When Your Get-Up-and-Go Just Got Up and Went: Strategies for Productivity

*This post originally appeared on Grant Professionals Association's blog

Sometimes, I just don't have it in me. And I am sure that happens to you sometimes, too. I love what I do, but there are times when the work comes harder than usual. Here are a few simple ways that I push, pull, or prod myself into getting the job done.


Keep Moving: This is essential. When it feels like thought is impossible, increasing blood flow to the brain can help improve cognition. A standing desk—or any place where you can stand comfortably and type—is great to keep the blood flowing. I often sit on an exercise ball rather than my office chair, just to keep moving while I'm focused. A quick walk around the office does wonders and can improve your creativity. Moving around keeps the brain on its feet and gives your mind a break from constant focus.

One Thing at a Time: I know, we are grant writers. Not multi-tasking is like not breathing. We've all heard that multi-tasking typically reduces productivity… but you may not know that it actually taxes the brain more and burns more fuel than focusing on one thing at a time. You may also find that tackling a few smaller tasks and checking them off your list gives you a sense of momentum and accomplishment that helps you feel ready to tackle the larger tasks.

Temptation Bundling: I LOVE fancy lattes. I never get them because it seems like an unjustifiable expense. There are also topics that are like pulling mental teeth for me to write about… so I only allow myself to enjoy a great latte while I work on a proposal that I don't particularly enjoy. Temptation bundling was named by Professor Katherine Milkman, who noticed the effect when she tied her love of fiction audio books to her lack of motivation at the gym. This is a very individualized technique—maybe you hate prospect research but love bubble baths. Temptation bundling relies on your specific guilty pleasures and quirks. By combining something you love with something you find challenging, you trick yourself into getting the work done. As Mary Poppins says, “In every task that must be done there is an element of fun!”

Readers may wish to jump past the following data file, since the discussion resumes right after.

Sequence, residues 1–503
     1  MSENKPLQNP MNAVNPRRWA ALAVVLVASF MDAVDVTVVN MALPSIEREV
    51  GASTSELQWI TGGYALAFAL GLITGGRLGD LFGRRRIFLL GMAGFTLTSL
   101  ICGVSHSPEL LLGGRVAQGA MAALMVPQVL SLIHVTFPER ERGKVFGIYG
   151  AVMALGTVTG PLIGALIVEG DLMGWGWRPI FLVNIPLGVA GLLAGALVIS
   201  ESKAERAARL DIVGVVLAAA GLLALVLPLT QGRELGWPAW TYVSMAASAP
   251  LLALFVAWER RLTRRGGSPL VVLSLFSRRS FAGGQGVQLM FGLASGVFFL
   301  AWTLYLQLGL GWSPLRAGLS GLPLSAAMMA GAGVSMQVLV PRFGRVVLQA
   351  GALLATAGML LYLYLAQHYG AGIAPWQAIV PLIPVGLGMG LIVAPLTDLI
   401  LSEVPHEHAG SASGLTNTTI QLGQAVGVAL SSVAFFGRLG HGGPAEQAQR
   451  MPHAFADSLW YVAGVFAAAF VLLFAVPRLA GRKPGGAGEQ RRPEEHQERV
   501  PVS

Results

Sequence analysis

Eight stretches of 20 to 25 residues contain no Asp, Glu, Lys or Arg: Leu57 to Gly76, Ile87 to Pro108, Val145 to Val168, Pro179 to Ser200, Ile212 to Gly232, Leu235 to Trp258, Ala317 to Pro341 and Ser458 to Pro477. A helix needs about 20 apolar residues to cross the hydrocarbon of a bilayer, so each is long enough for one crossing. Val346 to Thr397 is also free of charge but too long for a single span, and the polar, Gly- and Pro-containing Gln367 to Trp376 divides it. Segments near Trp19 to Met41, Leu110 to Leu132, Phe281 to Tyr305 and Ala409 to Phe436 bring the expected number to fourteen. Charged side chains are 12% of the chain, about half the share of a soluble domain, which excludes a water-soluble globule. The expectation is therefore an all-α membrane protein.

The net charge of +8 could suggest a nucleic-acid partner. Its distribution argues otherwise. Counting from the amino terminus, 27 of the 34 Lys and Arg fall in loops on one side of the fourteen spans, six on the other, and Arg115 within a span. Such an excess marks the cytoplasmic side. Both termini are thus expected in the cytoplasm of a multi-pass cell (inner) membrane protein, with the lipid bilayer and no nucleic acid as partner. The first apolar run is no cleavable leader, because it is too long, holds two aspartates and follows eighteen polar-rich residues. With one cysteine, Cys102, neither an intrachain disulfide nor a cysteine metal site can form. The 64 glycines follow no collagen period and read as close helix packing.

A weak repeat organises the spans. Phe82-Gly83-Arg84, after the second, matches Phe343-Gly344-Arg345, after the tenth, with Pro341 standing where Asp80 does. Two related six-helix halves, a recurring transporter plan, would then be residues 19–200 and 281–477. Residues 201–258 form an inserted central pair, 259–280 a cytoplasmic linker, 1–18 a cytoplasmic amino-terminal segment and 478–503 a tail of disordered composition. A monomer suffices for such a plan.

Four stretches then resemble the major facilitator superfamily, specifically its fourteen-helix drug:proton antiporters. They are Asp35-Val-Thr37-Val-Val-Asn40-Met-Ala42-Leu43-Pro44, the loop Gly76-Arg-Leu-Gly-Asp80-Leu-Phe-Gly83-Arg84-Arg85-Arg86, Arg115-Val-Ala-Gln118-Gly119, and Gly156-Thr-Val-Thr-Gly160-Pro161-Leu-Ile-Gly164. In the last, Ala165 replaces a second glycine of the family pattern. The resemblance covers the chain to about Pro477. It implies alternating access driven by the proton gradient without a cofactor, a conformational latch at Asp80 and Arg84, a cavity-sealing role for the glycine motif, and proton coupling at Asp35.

Acknowledge when the Struggle is Unproductive or Productive: Once I was sitting at my desk, staring into the blank void of a grant proposal, when I realized that it was just not going to happen right then. I left the office for half an hour and came back ready to tackle what I needed to do. It can be difficult to realize when your challenges are in service to your writing, or when you need to take a step back and stop working. Even on a tight deadline, you can spare five minutes to take a deep breath, get some sunshine (or night air), and reset.

What strategies do you use to keep yourself productive?

Kat Champigny works at the Gulf of Maine Research Institute to support its work in middle school science education, marine research, and coastal communities.  
 

About the Author

Kat Champigny

Kat Champigny, GPC is the Grants Officer at Maine Farmland Trust, a nonprofit that protects farmland, supports farmers, and advances the future of farming across the state of Maine.

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